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The Tempest at Shakespeare's Globe – review

Sean Holmes' new production runs through to 27 October

Rating: 3 out of 5 stars
Olivier Hubard and Ferdy Roberts in The Tempest
© Marc Brenner

Prospero begins proceedings by commanding his daughter, Miranda, to "Pluck my magic garment from me" – in Sean Holmes' latest production at Shakespeare's Globe, that magic garment is a purple poncho and, once plucked, it is just in the briefest of brief, bright yellow ‘budgie smugglers' that Ferdy Roberts' Prospero spends the rest of his adventures. This is Shakespeare meets Benidorm – and much like the bawdy television comedy, there is stuff here to (guiltily) laugh along with, as much as there is plenty more to find about as amusing as a kiss-me-quick hat and a straw donkey.

The opening storm scene is virtually unintelligible with a cacophony of the Boatswain shouting via a loudhailer whilst the rest of the ships company – all dressed in modern business suits – are dragged around in a large sound inhibiting plastic box. It's like some kind of awful River Thames corporate booze cruise has taken a wrong turn and ploughed into the hallowed walls of the Globe.

Things settle onto a gentler course after this with Roberts giving a really rather good Prospero – regardless of his scarce attire – that is full of warmth and wit as well as revenge-inducing anger. His frenetic performance is exhausting to watch and it is notable that Roberts is at his strongest in his moments of stillness – his "We are such stuff as dreams are made on" is beautifully delivered.

Elsewhere, the rest of the company is on the whole strong despite having to battle with some of Holmes' rather laboured directorial concepts. Rachel Hannah Clarke's Ariel is full of sass in an array of sparkly sailor suits and cowboy outfits but is often somewhat underpowered vocally to properly enchant as the cheeky spirit. Nadi Kemp-Sayfi's charming Miranda suffers similarly with a vocal that would benefit from a little more projection into the open space of the Globe.

A trio of gender-swapped roles make good use of wigs and facial hair to create a melancholic Alonso (Katy Stephens), an excitable Sebastian (Lucy Phelps) and a wonderfully wiry Francisco (Joanna Howarth). The noble Gonzalo is given some terrific hang dog treatment by the effortlessly funny and self-effacing Peter Bourke.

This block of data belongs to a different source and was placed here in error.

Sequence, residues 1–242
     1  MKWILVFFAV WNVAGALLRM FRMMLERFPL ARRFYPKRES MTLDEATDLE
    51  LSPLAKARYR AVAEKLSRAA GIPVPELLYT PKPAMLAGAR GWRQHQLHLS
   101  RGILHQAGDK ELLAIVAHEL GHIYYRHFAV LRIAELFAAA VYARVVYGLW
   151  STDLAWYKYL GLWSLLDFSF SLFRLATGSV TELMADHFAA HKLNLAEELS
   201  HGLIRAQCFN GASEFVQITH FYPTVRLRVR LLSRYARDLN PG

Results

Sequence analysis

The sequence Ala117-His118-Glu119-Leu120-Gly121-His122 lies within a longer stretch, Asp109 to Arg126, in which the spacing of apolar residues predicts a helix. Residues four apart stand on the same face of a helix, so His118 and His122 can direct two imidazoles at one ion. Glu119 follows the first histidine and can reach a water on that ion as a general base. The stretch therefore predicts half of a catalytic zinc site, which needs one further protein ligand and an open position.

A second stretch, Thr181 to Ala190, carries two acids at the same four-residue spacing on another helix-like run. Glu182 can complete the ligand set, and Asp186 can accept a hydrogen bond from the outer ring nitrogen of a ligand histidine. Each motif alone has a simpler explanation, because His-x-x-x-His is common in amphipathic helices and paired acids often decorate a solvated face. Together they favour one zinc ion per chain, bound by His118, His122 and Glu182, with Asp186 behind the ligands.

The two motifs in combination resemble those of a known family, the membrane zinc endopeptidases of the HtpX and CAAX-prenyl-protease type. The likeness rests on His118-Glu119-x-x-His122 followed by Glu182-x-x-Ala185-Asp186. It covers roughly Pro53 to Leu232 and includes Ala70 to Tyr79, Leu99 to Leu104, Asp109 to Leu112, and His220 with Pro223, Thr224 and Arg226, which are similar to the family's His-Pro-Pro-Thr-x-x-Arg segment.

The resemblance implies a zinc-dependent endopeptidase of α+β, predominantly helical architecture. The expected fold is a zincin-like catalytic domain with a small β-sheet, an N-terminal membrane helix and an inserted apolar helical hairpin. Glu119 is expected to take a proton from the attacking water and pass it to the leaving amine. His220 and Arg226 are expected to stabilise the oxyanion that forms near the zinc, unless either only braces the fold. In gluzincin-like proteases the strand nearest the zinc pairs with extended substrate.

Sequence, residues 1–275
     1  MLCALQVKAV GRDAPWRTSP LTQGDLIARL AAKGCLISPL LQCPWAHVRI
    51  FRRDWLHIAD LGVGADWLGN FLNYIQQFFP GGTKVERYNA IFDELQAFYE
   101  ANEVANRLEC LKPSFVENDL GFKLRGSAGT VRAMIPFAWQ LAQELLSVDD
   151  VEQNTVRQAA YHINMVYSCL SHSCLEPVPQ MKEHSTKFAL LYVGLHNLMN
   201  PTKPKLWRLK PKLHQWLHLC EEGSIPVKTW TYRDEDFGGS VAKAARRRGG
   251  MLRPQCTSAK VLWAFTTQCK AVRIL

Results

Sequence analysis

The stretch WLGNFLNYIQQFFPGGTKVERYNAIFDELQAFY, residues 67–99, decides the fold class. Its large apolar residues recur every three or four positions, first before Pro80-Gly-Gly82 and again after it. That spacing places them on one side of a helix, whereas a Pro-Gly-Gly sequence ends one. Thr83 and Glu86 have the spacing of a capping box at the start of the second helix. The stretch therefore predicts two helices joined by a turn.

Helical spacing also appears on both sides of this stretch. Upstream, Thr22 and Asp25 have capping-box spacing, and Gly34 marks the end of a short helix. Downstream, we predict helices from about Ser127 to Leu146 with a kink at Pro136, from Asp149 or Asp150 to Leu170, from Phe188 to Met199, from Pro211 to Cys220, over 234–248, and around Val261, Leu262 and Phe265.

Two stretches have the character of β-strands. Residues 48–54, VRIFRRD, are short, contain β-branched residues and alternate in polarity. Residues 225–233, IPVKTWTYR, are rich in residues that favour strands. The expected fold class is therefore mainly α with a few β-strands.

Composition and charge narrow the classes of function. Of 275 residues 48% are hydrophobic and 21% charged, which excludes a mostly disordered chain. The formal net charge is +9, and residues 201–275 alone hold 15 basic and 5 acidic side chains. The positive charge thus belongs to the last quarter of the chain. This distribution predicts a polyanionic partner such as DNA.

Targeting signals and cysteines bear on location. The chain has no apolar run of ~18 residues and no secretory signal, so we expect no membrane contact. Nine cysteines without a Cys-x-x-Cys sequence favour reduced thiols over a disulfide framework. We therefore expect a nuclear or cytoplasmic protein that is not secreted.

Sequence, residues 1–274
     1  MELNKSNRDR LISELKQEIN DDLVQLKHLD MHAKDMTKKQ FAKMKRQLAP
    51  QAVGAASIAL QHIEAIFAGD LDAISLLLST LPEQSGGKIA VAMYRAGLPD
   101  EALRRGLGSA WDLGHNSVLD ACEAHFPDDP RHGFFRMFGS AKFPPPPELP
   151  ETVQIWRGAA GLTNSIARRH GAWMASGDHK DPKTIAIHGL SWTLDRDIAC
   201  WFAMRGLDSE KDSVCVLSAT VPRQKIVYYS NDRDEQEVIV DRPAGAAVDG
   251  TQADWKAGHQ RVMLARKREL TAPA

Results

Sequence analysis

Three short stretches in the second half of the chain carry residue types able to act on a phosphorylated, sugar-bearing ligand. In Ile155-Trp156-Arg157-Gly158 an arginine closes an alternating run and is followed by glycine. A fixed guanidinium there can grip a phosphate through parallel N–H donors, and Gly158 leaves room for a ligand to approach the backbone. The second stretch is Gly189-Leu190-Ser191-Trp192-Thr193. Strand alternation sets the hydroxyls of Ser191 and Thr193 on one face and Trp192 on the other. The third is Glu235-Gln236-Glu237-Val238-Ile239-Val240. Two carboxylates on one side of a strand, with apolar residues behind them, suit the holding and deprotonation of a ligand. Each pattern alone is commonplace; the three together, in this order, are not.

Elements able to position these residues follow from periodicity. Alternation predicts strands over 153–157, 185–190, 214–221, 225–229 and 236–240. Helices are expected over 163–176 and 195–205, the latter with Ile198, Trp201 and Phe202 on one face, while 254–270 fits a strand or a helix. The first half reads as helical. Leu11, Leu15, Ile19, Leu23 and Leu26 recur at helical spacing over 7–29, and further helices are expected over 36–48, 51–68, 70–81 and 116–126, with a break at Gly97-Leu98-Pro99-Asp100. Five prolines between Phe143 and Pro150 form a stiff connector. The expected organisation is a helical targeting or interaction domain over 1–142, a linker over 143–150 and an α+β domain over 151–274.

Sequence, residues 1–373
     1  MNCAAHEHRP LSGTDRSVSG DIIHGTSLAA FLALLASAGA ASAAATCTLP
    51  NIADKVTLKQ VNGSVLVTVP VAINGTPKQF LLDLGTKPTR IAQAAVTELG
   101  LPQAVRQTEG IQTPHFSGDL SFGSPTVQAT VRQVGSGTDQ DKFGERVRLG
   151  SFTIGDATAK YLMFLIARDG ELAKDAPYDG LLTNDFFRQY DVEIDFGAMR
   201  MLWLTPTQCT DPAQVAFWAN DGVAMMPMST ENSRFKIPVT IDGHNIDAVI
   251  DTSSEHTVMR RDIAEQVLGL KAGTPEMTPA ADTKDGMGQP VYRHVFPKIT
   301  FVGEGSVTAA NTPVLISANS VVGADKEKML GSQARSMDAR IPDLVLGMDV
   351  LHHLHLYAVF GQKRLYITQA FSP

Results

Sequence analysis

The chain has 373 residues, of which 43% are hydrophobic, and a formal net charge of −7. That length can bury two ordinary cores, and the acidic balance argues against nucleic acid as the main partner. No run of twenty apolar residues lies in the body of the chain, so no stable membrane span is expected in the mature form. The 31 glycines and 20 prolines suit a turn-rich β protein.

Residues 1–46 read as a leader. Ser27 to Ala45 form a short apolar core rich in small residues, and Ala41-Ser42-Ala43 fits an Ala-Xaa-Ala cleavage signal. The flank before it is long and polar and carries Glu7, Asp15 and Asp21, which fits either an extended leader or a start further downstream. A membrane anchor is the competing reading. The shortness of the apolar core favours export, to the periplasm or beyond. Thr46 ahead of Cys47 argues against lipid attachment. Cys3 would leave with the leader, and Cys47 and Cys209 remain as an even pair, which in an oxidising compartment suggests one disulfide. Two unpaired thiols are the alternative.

Bringing the conspiratorial comedy to the fore – as well as some much-needed energy – is a trio of clowns in the shape of Ralph Davis' Trinculo, George Fouracres' Stefano and Ciaran O'Brien's Caliban. Davis and Fouracres mercilessly mock and seem to enjoy every minute of toying with the Globe's Yard audience. O'Brien's Caliban is more morning-after-the-night-before Club 18-30's Rep than devilish and mystical. He stays true to type by leading a rousing chorus of football anthem "It's Coming Home" – could it happen anywhere else other than the Globe? When reaching for disguises, the trio don't simply go with hoods and capes – it's an altogether more recognisable form of costuming and raises laughs aplenty from the younger element of the crowd – and whilst I won't spoil the surprise here it somehow jars with storytelling.

Paul Wills' designs have laced the Globe stage with Ikea looking self-assembly palm trees and a few swimming pool inflatables. He uses large, yellow plastic shipping crates to drive the action but there is little here that is transportative. Holmes' decision to use lunacy over sorcery is funny on occasions but it ultimately leaves a somewhat unsatisfied feeling.